Biomarkers of HIV-1-associated neurocognitive disorders: Challenges of proteomic approaches

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9 Scopus citations


HIV-1 enters the brain shortly after infection, which may lead to neurological complications and in the most severe cases to encephalitis, dementia and death. The introduction of antiretroviral therapy reduced the incidence of the most severe conditions, nevertheless, approximately half of those infected with this virus will suffer to various degrees from HIV-1-associated neurocognitive disorders. Despite many years of research, there are no biomarkers that can objectively measure and, more importantly, predict the onset and the tempo of HIV-1-associated neurocognitive disorders. Here we review biomarker candidates of neurocognitive impairment due to HIV infection of the brain that have been proposed during the last two decades, and discuss perspectives and limitations of proteomic approaches in the search for new, more sensitive and specific biomarkers.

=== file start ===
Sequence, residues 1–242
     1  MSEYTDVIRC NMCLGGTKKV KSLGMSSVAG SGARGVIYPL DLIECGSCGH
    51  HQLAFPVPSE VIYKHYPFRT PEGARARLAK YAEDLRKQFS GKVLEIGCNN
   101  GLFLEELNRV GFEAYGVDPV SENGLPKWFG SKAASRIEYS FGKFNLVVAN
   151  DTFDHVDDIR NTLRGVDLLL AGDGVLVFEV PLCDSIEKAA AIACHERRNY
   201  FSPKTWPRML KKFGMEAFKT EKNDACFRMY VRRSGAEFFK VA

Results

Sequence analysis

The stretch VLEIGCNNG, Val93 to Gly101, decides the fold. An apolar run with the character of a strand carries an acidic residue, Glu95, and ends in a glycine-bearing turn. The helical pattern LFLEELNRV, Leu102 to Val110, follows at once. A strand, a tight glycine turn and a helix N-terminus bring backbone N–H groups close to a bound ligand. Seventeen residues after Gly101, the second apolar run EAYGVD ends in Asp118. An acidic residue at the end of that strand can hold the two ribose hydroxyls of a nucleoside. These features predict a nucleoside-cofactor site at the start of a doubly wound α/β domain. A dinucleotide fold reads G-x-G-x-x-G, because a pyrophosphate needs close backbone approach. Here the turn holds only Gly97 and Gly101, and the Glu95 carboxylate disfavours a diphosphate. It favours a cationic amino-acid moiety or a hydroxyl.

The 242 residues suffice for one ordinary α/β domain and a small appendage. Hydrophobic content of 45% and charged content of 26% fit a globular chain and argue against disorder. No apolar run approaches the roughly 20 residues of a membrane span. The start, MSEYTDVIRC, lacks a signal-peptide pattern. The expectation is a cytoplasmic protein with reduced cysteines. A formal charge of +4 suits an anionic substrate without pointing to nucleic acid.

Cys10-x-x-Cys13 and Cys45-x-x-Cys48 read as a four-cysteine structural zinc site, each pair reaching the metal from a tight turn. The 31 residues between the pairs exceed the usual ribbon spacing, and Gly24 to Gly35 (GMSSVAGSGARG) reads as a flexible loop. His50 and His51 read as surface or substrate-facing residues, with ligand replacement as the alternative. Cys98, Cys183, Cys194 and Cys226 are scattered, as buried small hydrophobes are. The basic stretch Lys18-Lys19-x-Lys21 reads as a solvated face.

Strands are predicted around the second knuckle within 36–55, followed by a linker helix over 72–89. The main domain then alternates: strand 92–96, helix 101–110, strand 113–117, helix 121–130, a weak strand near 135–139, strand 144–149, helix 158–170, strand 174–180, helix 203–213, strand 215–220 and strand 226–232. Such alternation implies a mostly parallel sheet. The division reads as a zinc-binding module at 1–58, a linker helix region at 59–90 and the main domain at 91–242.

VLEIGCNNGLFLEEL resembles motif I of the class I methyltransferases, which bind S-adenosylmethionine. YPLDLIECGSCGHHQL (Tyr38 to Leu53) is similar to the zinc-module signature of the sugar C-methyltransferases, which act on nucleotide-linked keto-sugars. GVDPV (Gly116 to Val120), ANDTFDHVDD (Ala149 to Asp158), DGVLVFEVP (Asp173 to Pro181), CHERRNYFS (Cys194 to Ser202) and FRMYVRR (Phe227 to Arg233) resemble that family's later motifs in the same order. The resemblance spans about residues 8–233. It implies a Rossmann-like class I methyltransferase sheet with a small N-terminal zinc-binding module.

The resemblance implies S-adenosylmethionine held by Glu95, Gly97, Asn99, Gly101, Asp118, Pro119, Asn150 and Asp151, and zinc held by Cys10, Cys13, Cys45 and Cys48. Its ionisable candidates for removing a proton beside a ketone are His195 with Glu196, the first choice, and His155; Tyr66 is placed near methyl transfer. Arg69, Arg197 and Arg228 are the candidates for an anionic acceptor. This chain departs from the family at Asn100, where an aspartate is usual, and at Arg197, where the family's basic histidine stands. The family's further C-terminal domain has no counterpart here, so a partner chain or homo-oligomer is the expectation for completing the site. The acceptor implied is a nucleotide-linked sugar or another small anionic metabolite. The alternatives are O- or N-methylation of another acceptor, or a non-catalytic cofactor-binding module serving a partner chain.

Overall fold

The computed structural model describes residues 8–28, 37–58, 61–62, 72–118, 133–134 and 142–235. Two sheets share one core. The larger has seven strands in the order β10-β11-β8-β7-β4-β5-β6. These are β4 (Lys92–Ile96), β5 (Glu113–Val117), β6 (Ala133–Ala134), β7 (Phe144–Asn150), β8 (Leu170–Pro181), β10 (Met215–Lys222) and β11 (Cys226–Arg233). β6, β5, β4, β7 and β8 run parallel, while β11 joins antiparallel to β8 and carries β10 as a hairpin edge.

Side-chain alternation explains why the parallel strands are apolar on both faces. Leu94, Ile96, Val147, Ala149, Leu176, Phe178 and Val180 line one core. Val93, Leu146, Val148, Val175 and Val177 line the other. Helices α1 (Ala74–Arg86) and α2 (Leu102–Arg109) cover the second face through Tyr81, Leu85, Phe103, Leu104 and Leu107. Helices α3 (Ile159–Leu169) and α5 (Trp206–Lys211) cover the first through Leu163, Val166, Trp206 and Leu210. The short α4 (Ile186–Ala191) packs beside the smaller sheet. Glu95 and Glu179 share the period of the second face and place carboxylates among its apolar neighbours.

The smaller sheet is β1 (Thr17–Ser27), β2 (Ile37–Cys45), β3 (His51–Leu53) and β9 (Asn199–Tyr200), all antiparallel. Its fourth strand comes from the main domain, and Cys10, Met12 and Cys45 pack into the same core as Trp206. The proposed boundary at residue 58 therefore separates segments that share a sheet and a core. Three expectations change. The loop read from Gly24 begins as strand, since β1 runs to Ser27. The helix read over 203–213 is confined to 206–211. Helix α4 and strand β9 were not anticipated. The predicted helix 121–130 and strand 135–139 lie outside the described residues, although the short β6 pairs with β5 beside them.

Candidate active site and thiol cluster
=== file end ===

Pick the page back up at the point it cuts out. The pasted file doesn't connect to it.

Original languageEnglish (US)
Pages (from-to)771-785
Number of pages15
JournalBiomarkers in Medicine
Issue number6
StatePublished - 2009


  • AIDS
  • Biomarker
  • Cerebrospinal fluid
  • Cognitive impairment
  • Dementia
  • HAD
  • HAND
  • HIV
  • Plasma
  • Proteomics

ASJC Scopus subject areas

  • Drug Discovery
  • Clinical Biochemistry
  • Biochemistry, medical


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